At Port Lincoln, Mum, Giliath, and #2 wait to see who will be first in with the fish. They are hoping for Dad!

It is 10:38 and Mum is telling Dad that it is about that time he leaves the barge and goes out to fish…

It looks like Dad has not gone out fishing yet…it is nearing 0930. Mum and osplets are waiting patiently.

It is 12:30 and so far no fish from Dad. PLO says the fish fairy will be there in half an hour.

A 1.424 kg Trevally was delivered to the nest. It was taken to the ropes. PLO says that two fish were delivered. Mum is eating one on the ropes. Could you look at the size of it? It would feed everyone. I hope she doesn’t lose it overboard. Watchers think something smaller was under the larger fish the chicks nibbled on. It is a bit confusing. There is nothing on the observation board yet to clarify.

OK. Mum took the supplementary fish to the ropes and right after Dad landed on the nest with his own fish.\.

Hopefully Dad will have enough to eat and Mum will not lose the big one and feed herself and the kids for the rest of the day – with maybe some for Dad, too.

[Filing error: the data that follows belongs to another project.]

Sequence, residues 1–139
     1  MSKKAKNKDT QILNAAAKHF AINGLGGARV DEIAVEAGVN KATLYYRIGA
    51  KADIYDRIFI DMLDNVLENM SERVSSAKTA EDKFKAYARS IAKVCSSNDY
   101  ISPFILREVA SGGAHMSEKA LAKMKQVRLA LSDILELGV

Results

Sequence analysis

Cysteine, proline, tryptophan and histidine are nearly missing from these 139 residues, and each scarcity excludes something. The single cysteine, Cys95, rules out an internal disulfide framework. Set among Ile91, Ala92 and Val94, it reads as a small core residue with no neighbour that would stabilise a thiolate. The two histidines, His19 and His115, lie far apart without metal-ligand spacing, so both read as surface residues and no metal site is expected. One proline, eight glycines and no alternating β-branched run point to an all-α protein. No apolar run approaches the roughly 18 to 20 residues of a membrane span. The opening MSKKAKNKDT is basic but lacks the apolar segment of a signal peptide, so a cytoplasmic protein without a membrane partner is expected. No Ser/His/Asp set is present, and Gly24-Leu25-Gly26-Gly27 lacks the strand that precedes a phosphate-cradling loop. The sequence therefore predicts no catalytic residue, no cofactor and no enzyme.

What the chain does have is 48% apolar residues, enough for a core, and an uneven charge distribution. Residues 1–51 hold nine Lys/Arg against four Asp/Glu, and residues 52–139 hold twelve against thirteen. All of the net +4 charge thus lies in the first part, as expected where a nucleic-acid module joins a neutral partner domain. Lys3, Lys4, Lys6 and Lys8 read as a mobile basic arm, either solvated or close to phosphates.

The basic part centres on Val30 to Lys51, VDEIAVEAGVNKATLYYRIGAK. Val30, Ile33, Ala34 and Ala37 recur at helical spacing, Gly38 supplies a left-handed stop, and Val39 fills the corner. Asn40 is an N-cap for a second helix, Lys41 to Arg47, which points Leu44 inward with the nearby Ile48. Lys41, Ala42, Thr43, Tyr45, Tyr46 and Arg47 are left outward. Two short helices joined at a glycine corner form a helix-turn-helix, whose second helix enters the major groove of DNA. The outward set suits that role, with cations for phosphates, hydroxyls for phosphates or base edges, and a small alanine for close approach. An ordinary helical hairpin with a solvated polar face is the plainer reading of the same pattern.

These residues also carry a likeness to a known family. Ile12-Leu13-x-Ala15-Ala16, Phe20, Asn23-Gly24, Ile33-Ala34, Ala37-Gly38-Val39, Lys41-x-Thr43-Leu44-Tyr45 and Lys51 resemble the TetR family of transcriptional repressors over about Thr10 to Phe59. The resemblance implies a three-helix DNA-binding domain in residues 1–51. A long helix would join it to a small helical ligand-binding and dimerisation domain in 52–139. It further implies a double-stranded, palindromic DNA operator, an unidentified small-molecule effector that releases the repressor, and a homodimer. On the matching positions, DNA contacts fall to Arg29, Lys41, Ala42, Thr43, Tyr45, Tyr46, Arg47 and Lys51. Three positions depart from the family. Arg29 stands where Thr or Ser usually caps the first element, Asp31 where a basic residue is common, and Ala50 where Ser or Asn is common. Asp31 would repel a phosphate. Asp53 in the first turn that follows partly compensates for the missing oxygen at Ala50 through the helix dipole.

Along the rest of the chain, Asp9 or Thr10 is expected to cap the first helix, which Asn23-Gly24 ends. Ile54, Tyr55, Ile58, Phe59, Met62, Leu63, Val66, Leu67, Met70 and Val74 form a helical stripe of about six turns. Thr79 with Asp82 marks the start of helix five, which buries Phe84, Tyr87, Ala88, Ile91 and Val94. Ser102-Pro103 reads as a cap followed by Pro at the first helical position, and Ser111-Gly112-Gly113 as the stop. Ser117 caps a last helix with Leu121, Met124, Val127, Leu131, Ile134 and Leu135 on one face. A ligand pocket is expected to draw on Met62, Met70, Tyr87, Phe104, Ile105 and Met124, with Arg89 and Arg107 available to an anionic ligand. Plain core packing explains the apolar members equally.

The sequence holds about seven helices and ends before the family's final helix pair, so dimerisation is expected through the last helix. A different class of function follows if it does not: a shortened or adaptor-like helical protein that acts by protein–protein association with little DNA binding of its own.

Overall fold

Note: Dad’s fish is nice, but that single fish would not be enough to feed 4 for the day. Again, I am thankful to the Fish Fairies.

Confusing. Is Dad feeding part of his fish to the osplets?

Dad is finished with the osplets and is on one of the perches. Mum is still prepping that huge fish. It has to be tough working through that head. She has been at this for more than an hour.

OK. Some clarification. It was a Trevally and a large cleaned squid. Dad fed some of the squid to one of the chicks (#2, I think) while Mum arrives on the nest with the huge lunch. Both will join her.

Mum is going to be exhausted when she finishes feeding this fish.

The chicks are getting quite full. Mum continues to feed them and herself. She has been working on this fish for two and a half hours.

Thank you to the crew of the Calypso Star and the young lad who donated the squid to the osplets. Kindness. Sometimes when the news gets too much, it is these small gestures that make us realise that there is goodness out there.

Today (Monday in Australia), the osplets are 34 and 32 days old. Unless they are females, they will normally peak in growth at 35 days Western Ospreys. Must check and see if this is the case with the Eastern.

The observation board for Port Lincoln. It is unfortunate that Dad lost the fish down on the barge.

The cam ops are not sure who is at the nest with Gabby. I just want Gabby to be able to raise a clutch in peace this season since she lost her fabulous mate, Samson.

I am going with V3 in the nest. Gabby was flirting and V3 was interested.